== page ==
Stead does a good job weaving science fiction and fantasy elements into this coming of age story. In the story, Miranda speaks often of her favorite book, A Wrinkle in Time. This novel by Madeleine L'Engle foreshadows the current story during several scenes. Having never read A Wrinkle in Time, I had no idea of the clues that the book brought to the When You Reach Me story. Regardless, there are other opportunities to pick up on hints and signs about where the story was headed. Personally, I felt the story was a little too easy and predictable without the clues from L’Engle’s novel. The side story of the game show appearance was distracting for me. I appreciate the fact that the game show adds to the setting and time of the story (1970s), but this element seemed to take up too much time and seemed too grand of an idea. It is easy to see that Stead was raised in New York City during the 1970s. Stead and Miranda take pride in the neighborhood. The local delis, pizza parlors, alleys, and apartment buildings are all described from firsthand knowledge with great details. Stead understands the value of chosen family members, and for Miranda, those people are neighbors and local business owners. This coming of age story will attract young readers, and the low fantasy elements will keep them tuned in. Recommended for ages 10-14 yrs.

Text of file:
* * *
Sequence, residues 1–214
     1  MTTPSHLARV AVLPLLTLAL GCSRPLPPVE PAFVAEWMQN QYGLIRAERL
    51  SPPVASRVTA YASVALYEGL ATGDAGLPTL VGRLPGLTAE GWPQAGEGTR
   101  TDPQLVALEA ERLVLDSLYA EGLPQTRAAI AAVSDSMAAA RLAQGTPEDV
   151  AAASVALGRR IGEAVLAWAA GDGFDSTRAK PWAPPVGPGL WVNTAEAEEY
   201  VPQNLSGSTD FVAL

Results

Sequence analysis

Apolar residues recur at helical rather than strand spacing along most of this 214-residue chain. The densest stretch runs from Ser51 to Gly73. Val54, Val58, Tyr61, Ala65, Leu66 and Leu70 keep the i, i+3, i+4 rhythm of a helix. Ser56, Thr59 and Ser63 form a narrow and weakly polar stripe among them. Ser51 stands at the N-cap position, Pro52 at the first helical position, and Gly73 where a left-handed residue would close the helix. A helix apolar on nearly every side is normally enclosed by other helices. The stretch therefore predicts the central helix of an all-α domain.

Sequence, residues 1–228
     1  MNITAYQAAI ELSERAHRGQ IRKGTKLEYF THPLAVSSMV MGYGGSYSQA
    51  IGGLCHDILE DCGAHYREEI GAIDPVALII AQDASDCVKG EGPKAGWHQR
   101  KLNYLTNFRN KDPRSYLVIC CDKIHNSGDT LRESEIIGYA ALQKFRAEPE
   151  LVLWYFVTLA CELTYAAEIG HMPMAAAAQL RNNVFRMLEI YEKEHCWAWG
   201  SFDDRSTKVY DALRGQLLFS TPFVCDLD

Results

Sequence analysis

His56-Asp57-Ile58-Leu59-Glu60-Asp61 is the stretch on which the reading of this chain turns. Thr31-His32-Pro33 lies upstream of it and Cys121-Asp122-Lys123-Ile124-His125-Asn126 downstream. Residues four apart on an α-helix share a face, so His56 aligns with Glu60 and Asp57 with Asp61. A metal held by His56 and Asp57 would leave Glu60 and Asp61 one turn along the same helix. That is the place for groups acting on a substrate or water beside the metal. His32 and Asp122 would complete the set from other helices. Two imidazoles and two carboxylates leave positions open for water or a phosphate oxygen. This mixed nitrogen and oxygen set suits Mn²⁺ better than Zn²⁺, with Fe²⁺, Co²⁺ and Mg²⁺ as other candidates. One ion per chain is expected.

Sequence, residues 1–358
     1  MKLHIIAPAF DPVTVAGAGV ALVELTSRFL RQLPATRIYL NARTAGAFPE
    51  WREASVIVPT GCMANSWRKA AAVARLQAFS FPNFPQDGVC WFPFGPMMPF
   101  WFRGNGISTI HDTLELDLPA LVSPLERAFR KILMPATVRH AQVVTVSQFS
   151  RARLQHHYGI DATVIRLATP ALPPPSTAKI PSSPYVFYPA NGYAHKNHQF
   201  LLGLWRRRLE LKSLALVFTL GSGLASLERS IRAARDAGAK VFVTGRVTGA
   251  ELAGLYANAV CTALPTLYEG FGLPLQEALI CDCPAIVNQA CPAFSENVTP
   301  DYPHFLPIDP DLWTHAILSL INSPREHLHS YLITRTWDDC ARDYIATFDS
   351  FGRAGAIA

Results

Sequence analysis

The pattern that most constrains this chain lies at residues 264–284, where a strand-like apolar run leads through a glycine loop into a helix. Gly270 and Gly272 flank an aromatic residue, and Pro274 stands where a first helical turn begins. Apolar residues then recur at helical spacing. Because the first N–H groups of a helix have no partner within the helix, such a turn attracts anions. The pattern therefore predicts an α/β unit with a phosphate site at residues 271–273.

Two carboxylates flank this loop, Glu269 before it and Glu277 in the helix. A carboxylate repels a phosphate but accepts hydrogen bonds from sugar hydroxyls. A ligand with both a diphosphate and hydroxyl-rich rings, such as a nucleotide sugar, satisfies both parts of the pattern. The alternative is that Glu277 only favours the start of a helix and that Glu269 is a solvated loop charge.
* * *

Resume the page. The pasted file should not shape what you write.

Awards:
John Newbery Medal Winner, 2010
British Fantasy Award for Top Ten, 2010
Goodreads Choice Award Nominee for Young Adult Fiction, 2009
Parents' Choice Gold Award, 2009

Reviews:
"When all the sidewalk characters from Miranda's Manhattan world converge amid mind-blowing revelations and cunning details, teen readers will circle back to the beginning and say,'Wow ... cool.'" Starred Review, Kirkus Reviews